“Have you seen Julie?” Matt asked me. “She’s pregnant and she’s sitting back there.”
Julie is a casual friend who got married last year. I don’t know her that well and I rarely see her. I had just walked into a restaurant for dinner Friday evening and an employee told me the news.
My first reaction was to express happiness for Julie and her husband, but I suddenly realized I felt something unexpected. My inner emotional mask slipped slightly and I felt … what was this?
Instead of pure happiness for Julie — who will be a great mother, by the way — I felt something ugly in my gut. My heart felt cold and hard. There was a powerful hint of anger — self-directed? — and then I realized it was hard to put labels on the things I was feeling.
Nothing I experienced was about Julie. It was all about me. And I hated the way I felt.
When I first encountered the Enneagram personality-typing system, I quickly identified myself as a Type 4. In so many ways — both the good ways and the bad ways — I saw parts of myself in the Type 4 patterns. (My “wings” are balanced between 3 and 5.) But I never could quite identify with the vice that’s said to be the core flaw of the type: Envy.
I intellectualize my envy. I’ve always told myself it’s not really envy. It’s just a realization that I wish I could do better for myself in some ways. It’s a desire for self-improvement. I don’t wish bad things on anyone. I don’t wish I were them. I don’t want to take good things from them.
But as I politely exchanged pleasantries a few minutes ago with Julie and her husband, there was nothing detached or intellectual about the feeling. It was burning envy. It was an angry and irrational frustration that someone else had what I so desperately want.
I try to be honest with myself about my many flaws, but I’m just as prone to self-deception as everyone else is. (You, too. Yes. You.) In fact, I know — at least in theory — that there’s no one in the world who I can deceive as easily as I can deceive myself.
In the middle of the burning envy that I feel right now, I realize I can’t lie to myself. This is envy. This is anger. This is a raging frustration that I don’t have the things I need and want the most. I don’t want other people to be unhappy or to not have the things they need. But there is an ugly part of me hidden inside that whispers, “Why does he have something I desperately want — when he doesn’t even deserve what he has?”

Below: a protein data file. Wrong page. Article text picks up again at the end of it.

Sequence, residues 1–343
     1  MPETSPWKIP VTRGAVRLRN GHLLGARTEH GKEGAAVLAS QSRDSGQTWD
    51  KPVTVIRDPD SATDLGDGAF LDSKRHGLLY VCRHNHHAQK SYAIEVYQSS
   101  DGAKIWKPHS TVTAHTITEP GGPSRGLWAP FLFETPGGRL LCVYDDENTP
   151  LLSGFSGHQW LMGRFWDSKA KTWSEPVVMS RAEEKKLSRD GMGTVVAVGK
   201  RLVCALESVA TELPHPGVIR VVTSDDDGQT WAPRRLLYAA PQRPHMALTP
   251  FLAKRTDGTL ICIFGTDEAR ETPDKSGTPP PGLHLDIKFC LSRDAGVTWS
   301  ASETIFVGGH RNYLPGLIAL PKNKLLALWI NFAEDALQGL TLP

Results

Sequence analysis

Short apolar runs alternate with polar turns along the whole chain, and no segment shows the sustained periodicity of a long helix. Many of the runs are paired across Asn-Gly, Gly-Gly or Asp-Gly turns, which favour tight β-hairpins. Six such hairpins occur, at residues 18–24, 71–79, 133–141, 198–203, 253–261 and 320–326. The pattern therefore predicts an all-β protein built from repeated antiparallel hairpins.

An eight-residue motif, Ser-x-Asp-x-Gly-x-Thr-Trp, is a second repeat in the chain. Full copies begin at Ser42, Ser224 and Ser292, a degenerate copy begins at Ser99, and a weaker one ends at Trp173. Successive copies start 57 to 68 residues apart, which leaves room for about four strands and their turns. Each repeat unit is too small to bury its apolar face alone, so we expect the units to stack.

Caught in the grips of this envy, it’s easy for me to think there must be something unfair about other people having what I want, especially when so many of those people don’t seem any more “deserving” than I do. Why does he have the financial success that I used to want so much? Why don’t I have it? Why does he have a loving wife and adoring children? He doesn’t even appreciate her. Why don’t I have that adoring family? The ugly questions go on and they mock me.
The rational side of my brain has answers to all the questions. I know why I’ve made the decisions I’ve made. I regret some of them. I don’t regret others. But I understand why I made every decision I’ve made. I know the factors which created me in the past. And I know I’m responsible for what I currently have — and for what I don’t have.
I know that. I accept that. But as the envy and anger rise within me in a moment such as this, none of that cool intellectual certainty matters. I feel like a child who has been denied the love and care and attention which he needs.
Just barely underneath the calm and composed exterior — the one that allows me to gracefully congratulate Julie and her husband about their wonderful news — there is rage and boiling envy.
“I deserve better!” this envious and childish self screams in foolish self-righteousness.
I know why I’m where I am.
I know why I’m alone.
I know the decisions that have led me here. I really do.
But that doesn’t stop me from feeling pain and anger. It doesn’t stop me from resenting other people who have what I want — even if I normally lie to myself and say that what I feel isn’t resentment at all.
I’m glad I was able to say the right things to Julie and her husband. I’m glad that neither my words nor my face gave me away. I’m happy that I know how to be such a liar in a socially acceptable way.
It’s not appropriate for me to feel this way — not socially and not psychologically. It’s not healthy. I know that. But there are times when the mask slips enough that I have to see the ugly parts of myself that I prefer to hide from.
I know from studying the Enneagram why I feel the ways that I do. I know that it has to do with fears of being abandoned. I know it has to do with fears of not being good enough. I know that it comes from the deep dread of being flawed and incapable of being what everyone else can be. I know all that.
But that intellectual knowledge doesn’t help. For the moment, I’m just a scared and abandoned child who is terrified and in desperate need. I don’t look that way. I look like a well-dressed businessman sitting in a restaurant in dress clothes and a nice tie.
But there is a tremendous gap between the calm exterior and the raging envy which is screaming in my heart tonight. I don’t like it, but sometimes the truth is too obvious to deny, even to myself.